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I am running an AJAX call in my MooTools script, this works fine in Firefox but in Chrome I am getting a Uncaught SyntaxError: Unexpected token : error, I cannot determine why. Commenting out code to determine where the bad code is yields nothing, I am thinking it may be a problem with the JSON being returned. Checking in the console I see the JSON returned is this:

{"votes":47,"totalvotes":90}

I don't see any problems with it, why would this error occur?

vote.each(function(e){
  e.set('send', {
    onRequest : function(){
      spinner.show();
    },
    onComplete : function(){
      spinner.hide();
    },
    onSuccess : function(resp){
      var j = JSON.decode(resp);
      if (!j) return false;
      var restaurant = e.getParent('.restaurant');
      restaurant.getElements('.votes')[0].set('html', j.votes + " vote(s)");
      $$('#restaurants .restaurant').pop().set('html', "Total Votes: " + j.totalvotes);
      buildRestaurantGraphs();
    }
  });

  e.addEvent('submit', function(e){
    e.stop();
    this.send();
  });
});
share|improve this question
    
The JSON is fine. The problem is probably how you handle it. Showing the code will help. – tcooc Jun 29 '10 at 18:42
    
Added the portion of code to the question. – trobrock Jun 29 '10 at 18:58
    
There doesn't seem to be anything wrong with the syntax, the JS nor JSON. Posting a (not)working test-case on jsfiddle.net would help - including HTML. – Oskar Krawczyk Jun 29 '10 at 19:23
    
You can check the site that is causing problems here: trobrock.com:8011 click on "Cat 1" and then the problem happens when clicking vote, and have only seen the problem in chrome so far – trobrock Jun 29 '10 at 20:45
2  
An "unexpected token" is likely some illegal character code. Such a code is likely not to show up when you print to console. Therefore, print out the string one character at a time or use a protocol analyzer or debugger etc. to see the actual bytes of the string. – GroovyDotCom Feb 10 '11 at 22:00

13 Answers 13

Just an FYI for people who might have the same problem -- I just had to make my server send back the JSON as application/json and the default jQuery handler worked fine.

share|improve this answer
3  
I think I am having the inverse of this problem. I'm requesting JSON from a third party API and they are returning application/javascript as the response and I am getting the same error you reported in this question. Not sure how to deal with it. – wuliwong May 9 '12 at 20:18
    
Thanks for the FYI. – Alexandre Bourlier Oct 11 '12 at 12:59
4  
A strange problem is - it works fine on the localhost but not on the sever. Any idea why? – VishwaKumar Oct 15 '12 at 7:17
    
Hello. I have exact problem and I can't solve it, can someone tell me how you send JSON back to server – Alen Oct 25 '13 at 15:06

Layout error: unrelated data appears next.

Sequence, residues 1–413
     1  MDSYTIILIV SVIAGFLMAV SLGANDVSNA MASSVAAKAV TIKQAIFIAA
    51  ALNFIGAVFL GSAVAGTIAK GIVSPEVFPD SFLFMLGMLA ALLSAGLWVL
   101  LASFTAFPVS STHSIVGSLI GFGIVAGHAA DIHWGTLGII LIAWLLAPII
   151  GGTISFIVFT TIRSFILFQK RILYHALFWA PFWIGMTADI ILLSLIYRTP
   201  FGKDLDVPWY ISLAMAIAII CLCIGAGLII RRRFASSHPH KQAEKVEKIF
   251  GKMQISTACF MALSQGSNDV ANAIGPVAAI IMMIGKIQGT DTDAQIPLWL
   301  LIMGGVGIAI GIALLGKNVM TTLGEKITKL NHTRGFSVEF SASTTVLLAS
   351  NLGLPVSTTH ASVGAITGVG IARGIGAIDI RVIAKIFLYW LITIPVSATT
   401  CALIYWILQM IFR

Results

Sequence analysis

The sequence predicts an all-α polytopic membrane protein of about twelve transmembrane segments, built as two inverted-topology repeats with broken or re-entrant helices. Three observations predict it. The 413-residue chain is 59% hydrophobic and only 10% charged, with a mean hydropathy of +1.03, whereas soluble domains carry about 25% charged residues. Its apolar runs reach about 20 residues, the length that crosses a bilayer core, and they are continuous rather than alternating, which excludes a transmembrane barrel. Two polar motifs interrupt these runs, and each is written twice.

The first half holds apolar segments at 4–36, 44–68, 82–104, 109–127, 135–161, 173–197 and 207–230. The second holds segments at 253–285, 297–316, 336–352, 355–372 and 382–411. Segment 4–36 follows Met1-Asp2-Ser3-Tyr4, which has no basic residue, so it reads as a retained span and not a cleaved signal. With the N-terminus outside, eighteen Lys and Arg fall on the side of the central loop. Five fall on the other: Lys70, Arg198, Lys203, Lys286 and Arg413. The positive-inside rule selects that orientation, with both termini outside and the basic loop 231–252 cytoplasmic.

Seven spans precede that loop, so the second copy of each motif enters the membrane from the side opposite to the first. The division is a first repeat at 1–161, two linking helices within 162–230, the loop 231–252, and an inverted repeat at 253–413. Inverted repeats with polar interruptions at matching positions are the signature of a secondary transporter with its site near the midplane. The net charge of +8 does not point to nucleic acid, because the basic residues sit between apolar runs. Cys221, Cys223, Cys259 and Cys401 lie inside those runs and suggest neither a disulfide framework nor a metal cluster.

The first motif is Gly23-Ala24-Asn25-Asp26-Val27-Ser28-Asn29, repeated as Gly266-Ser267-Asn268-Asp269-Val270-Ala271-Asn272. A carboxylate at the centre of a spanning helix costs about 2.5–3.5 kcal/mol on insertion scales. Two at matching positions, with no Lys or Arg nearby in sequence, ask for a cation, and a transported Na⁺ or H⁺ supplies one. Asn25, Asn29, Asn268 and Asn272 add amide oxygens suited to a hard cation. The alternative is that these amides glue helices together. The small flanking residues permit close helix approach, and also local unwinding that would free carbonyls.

4  
-1 This answer if no help to anyone having the same problem – Dmitri Zaitsev Dec 22 '13 at 1:58

This has just happened to me, and the reason was none of the reasons above. I was using the jQuery command getJSON and adding callback=? to use JSONP (as I needed to go cross-domain), and returning the JSON code {"foo":"bar"} and getting the error.

This is because I should have included the callback data, something like jQuery17209314005577471107_1335958194322({"foo":"bar"})

Here is the PHP code I used to achieve this, which degrades if JSON (without a callback) is used:

$ret['foo'] = "bar";
finish();

function finish() {
    header("content-type:application/json");
    if ($_GET['callback']) {
        print $_GET['callback']."(";
    }
    print json_encode($GLOBALS['ret']);
    if ($_GET['callback']) {
        print ")";
    }
    exit; 
}

Hopefully that will help someone in the future.

share|improve this answer
    
It helped me a lot. We should wrap the json data with jsoncallback data whenever we are using jsonp method. Also the jsonpcallback data should not start with numbers. When I tried with numbers, it didn't worked out. When I tried it with the same format shown in this answer, it worked... – Ganesh Babu Sep 6 '13 at 8:46
    
OP uses JSON, not JSONP. – Gothdo Dec 29 '15 at 14:49
    
True enough, but the error is the same and the code will degrade gracefully and still work if JSON is being used. – Grim... Dec 30 '15 at 16:26

Seeing red errors

Uncaught SyntaxError: Unexpected token <

in your Chrome developer's console tab is often an indication of 301 Redirects that could be caused by having a strange rule in your .htaccess file.

What you're actually seeing is your browser's reaction to the unexpected top line <!DOCTYPE html> from the server.

share|improve this answer
1  
I have no idea why you are talking about "Unexpected token <" when question is about Unexpected token :. Your answer is completely unrelated to OP's problem. – Gothdo Dec 29 '15 at 14:41
    
And how do I fix this? I have a php redirect that is causing this in Chrome. – Thom Mar 8 at 20:20
    
To add to @andy_magoon, in my case, I had a script tag that was supposed to serve up javascript, but because the request was redirected to an HTML page (its not important why it was redirected), which begins with <!DOCTYPE html>, which is not valid javascript, the browser returns the SyntaxError when it attempt to parse the HTML as JS. – david.barkhuizen Apr 4 at 10:54
    
@Thom The way to fix it is to make sure that the HTTP get returns the javascript file that you're looking for, and not unexpected HTML. – david.barkhuizen Apr 4 at 11:07
up vote 12 down vote accepted

I have just solved the problem. There was something causing problems with a standard Request call, so this is the code I used instead:

vote.each(function(element){                
  element.addEvent('submit', function(e){
    e.stop();
    new Request.JSON({
      url : e.target.action, 
      onRequest : function(){
        spinner.show();
      },
      onComplete : function(){
        spinner.hide();
      },
      onSuccess : function(resp){
        var j = resp;
        if (!j) return false;
        var restaurant = element.getParent('.restaurant');
        restaurant.getElements('.votes')[0].set('html', j.votes + " vote(s)");